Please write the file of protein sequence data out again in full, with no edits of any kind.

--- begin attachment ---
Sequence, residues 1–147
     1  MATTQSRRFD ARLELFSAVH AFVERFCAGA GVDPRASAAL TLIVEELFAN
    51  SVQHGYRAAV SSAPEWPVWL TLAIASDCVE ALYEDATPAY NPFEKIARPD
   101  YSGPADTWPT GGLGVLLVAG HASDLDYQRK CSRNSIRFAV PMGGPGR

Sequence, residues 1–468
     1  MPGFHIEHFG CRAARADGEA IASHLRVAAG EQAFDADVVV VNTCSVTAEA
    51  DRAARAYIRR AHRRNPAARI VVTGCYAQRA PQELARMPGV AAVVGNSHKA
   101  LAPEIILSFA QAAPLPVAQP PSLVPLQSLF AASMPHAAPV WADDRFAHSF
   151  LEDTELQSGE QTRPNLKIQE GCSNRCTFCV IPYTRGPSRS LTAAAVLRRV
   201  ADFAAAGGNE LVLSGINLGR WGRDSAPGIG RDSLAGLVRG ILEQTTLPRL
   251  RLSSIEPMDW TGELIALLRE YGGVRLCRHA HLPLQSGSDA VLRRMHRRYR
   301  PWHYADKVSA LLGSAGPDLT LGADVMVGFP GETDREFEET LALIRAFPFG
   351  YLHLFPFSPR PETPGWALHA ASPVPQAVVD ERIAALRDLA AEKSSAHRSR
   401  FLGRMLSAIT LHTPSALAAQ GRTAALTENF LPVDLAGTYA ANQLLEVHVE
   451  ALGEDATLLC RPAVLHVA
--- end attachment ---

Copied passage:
Sequence, residues 1–147
     1  MATTQSRRFD ARLELFSAVH AFVERFCAGA GVDPRASAAL TLIVEELFAN
    51  SVQHGYRAAV SSAPEWPVWL TLAIASDCVE ALYEDATPAY NPFEKIARPD
   101  YSGPADTWPT GGLGVLLVAG HASDLDYQRK CSRNSIRFAV PMGGPGR

Sequence, residues 1–468
     1  MPGFHIEHFG CRAARADGEA IASHLRVAAG EQAFDADVVV VNTCSVTAEA
    51  DRAARAYIRR AHRRNPAARI VVTGCYAQRA PQELARMPGV AAVVGNSHKA
   101  LAPEIILSFA QAAPLPVAQP PSLVPLQSLF AASMPHAAPV WADDRFAHSF
   151  LEDTELQSGE QTRPNLKIQE GCSNRCTFCV IPYTRGPSRS LTAAAVLRRV
   201  ADFAAAGGNE LVLSGINLGR WGRDSAPGIG RDSLAGLVRG ILEQTTLPRL
   251  RLSSIEPMDW TGELIALLRE YGGVRLCRHA HLPLQSGSDA VLRRMHRRYR
   301  PWHYADKVSA LLGSAGPDLT LGADVMVGFP GETDREFEET LALIRAFPFG
   351  YLHLFPFSPR PETPGWALHA ASPVPQAVVD ERIAALRDLA AEKSSAHRSR
   401  FLGRMLSAIT LHTPSALAAQ GRTAALTENF LPVDLAGTYA ANQLLEVHVE
   451  ALGEDATLLC RPAVLHVA